“At the end of his allotted time he pulled his output from the card punch and observed that the decaled edge of the cards seemed to be randomly distributed in every corner of the deck. He had failed to feed all the cards face down, 12s-edge-first into the punch. It was an easy mistake to make. Every tabulating machine had a different rule for inserting cards; some face up, some face down, some 12s edge first, some 9s edge first. That’s why college graduates were hired to put cards into those machines. A card had a printed face with the decaled edge on the top left. The top of the card was called the 12s edge and the bottom was called the 9s edge. I thought that the Professor was going to cry. He said, “I’ve wasted a whole week”! I told him that his output could still be rescued because the printer didn’t really care whether the cards were face up or face down and he could still print his output if he inserted the cards properly into the printer. He seemed very puzzled and held the thick deck of cards over his head turning and twisting the deck as he looked at it. He suddenly exclaimed, “That’s right, the holes go all the way through”! As he had this aha moment he flipped his hand and his output flew into the air and was distributed across the computer room floor. It was now my sad duty to inform him that he had indeed wasted a week. At the time I pondered whether his observation on the holes might serve as a starting point for a new computer-based academic discipline, but then dismissed the idea.”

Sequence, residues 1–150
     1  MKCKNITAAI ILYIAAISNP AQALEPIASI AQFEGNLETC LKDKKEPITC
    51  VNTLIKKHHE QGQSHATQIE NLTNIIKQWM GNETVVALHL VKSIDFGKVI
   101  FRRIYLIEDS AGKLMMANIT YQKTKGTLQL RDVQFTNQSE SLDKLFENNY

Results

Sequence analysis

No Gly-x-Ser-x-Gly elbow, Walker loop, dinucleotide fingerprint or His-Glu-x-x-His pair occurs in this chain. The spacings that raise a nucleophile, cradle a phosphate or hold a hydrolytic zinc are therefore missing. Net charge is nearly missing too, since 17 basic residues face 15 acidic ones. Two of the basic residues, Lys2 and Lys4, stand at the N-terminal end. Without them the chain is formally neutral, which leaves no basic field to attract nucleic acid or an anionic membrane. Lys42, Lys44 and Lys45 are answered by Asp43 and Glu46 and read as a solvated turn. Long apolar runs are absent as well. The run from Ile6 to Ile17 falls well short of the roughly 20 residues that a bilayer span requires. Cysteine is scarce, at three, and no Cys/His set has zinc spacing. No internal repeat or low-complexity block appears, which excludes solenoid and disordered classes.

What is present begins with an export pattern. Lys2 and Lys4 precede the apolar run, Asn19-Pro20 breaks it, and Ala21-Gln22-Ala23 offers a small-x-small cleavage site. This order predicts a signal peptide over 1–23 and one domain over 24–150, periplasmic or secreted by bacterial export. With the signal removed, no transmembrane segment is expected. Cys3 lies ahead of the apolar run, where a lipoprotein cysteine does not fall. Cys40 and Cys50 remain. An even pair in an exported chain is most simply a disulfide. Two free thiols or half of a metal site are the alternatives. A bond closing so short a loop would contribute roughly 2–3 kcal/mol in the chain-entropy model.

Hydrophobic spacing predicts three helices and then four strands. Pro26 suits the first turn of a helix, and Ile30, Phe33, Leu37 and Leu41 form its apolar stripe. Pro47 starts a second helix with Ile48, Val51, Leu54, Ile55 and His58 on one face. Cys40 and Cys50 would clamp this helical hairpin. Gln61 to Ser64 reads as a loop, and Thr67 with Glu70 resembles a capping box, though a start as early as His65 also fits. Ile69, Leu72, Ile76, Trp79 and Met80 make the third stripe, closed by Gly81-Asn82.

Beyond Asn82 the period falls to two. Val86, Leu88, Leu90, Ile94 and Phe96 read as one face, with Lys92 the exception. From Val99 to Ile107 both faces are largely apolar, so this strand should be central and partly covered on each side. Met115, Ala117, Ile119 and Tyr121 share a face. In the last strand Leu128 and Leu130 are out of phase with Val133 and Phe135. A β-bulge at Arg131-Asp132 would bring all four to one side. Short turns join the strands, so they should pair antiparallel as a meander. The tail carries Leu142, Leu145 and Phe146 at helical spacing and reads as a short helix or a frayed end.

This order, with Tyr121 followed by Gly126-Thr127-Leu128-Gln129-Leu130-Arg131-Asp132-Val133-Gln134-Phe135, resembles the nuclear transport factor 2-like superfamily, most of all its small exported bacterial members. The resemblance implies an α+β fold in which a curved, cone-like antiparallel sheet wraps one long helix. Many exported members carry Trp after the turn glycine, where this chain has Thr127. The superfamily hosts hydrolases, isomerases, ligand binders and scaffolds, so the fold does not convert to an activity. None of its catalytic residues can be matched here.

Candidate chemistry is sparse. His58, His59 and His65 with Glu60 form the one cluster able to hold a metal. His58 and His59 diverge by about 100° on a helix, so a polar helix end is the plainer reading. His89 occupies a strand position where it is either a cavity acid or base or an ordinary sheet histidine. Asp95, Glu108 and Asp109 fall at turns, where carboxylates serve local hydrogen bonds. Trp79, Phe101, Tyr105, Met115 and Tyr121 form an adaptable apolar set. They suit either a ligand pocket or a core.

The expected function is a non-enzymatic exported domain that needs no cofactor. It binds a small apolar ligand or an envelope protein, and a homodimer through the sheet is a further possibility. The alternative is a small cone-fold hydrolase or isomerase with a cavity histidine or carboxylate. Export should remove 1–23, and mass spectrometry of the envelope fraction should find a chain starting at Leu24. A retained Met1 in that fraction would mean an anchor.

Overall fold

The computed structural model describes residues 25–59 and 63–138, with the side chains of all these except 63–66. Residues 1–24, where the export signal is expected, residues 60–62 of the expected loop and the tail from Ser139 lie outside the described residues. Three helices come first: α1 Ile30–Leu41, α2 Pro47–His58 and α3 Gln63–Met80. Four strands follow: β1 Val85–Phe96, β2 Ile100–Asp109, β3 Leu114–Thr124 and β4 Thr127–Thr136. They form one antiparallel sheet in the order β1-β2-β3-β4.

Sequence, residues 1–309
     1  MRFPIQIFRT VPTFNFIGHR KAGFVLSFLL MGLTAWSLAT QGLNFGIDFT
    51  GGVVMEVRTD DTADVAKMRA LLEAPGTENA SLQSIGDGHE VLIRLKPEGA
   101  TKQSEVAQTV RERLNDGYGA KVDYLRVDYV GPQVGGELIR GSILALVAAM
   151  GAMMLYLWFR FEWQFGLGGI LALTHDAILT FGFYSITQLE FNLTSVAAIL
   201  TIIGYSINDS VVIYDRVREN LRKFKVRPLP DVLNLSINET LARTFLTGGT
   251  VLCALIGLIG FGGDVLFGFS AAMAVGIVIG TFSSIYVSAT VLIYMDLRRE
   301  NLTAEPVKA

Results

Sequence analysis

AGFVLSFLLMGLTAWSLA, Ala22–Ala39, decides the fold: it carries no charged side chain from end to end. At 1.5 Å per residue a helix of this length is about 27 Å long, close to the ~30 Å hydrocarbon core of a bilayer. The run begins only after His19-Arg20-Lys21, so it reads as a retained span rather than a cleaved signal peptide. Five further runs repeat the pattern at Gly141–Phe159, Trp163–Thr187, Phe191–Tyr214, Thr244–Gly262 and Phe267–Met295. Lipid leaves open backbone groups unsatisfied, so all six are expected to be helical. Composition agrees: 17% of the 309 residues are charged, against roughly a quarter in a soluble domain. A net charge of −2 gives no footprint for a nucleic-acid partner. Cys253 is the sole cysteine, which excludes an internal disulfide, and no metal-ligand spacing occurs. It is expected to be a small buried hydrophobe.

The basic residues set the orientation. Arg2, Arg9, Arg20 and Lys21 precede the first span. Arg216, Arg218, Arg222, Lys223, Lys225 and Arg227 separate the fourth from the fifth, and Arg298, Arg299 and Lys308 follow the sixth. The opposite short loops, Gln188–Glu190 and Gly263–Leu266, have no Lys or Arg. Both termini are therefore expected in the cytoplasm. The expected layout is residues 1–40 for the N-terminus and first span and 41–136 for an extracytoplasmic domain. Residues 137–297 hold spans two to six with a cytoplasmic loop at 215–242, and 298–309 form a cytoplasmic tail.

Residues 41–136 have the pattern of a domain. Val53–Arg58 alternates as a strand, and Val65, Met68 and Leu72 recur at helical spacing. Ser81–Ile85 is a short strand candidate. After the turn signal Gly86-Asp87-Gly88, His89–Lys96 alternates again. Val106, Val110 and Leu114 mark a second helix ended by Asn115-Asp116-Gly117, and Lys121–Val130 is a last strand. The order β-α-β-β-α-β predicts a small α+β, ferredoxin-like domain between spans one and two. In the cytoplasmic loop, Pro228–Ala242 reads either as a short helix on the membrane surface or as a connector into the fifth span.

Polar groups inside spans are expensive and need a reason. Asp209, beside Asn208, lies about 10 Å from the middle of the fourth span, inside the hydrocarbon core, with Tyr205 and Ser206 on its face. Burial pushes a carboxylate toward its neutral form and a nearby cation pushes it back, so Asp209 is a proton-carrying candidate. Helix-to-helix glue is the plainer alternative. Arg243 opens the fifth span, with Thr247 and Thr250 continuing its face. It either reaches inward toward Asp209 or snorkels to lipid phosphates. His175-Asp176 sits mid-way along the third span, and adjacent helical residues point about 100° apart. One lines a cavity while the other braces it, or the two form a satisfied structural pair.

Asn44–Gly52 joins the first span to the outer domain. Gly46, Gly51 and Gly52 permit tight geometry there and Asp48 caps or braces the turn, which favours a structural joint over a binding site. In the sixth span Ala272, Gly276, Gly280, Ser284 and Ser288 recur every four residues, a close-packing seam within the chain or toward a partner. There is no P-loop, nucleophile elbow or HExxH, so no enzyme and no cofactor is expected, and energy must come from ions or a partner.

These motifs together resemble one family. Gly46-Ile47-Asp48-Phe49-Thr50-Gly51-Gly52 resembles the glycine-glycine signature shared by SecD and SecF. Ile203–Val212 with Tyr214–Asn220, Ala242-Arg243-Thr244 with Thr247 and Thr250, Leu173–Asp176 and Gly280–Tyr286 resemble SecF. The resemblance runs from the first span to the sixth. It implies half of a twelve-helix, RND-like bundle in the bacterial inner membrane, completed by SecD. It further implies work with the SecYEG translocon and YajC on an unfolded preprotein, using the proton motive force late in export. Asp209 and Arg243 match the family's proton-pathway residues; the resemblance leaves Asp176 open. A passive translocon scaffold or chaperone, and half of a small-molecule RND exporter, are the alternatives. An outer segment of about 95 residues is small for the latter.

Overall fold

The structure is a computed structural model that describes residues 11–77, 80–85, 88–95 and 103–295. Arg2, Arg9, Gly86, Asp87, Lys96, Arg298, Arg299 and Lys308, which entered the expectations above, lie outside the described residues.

GIVE ME EVERYTHING YOU HAVE: ON BEING STALKED BY JAMES LASDUN
James Lasdun’s memoir of being stalked by a deranged former student is terrifying for many reasons, not least among them the digital means by which the stalking was conducted. This was an email-oriented terrorism, with the stalker sending emails seemingly from Lasdun’s own account and plastering the internet with vicious slander. Makes you long for the days of just not picking up the phone.
MEMOIRS OF A COMPUTER PIONEER BY MAURICE WILKES
Like Kenneth King, Maurice Wilkes’ memoir is about working with computers in the mid-twentieth century, but even earlier – he retired from Cambridge University in 1980. Wilkes was the second ever director of Cambridge’s computer lab in 1945. He built and designed the EDSAC, the first stored-program computer, and deserves the credit for many projects which made higher-level programming languages possible. A fascinating book by an architect of the technology we’re using to write this article.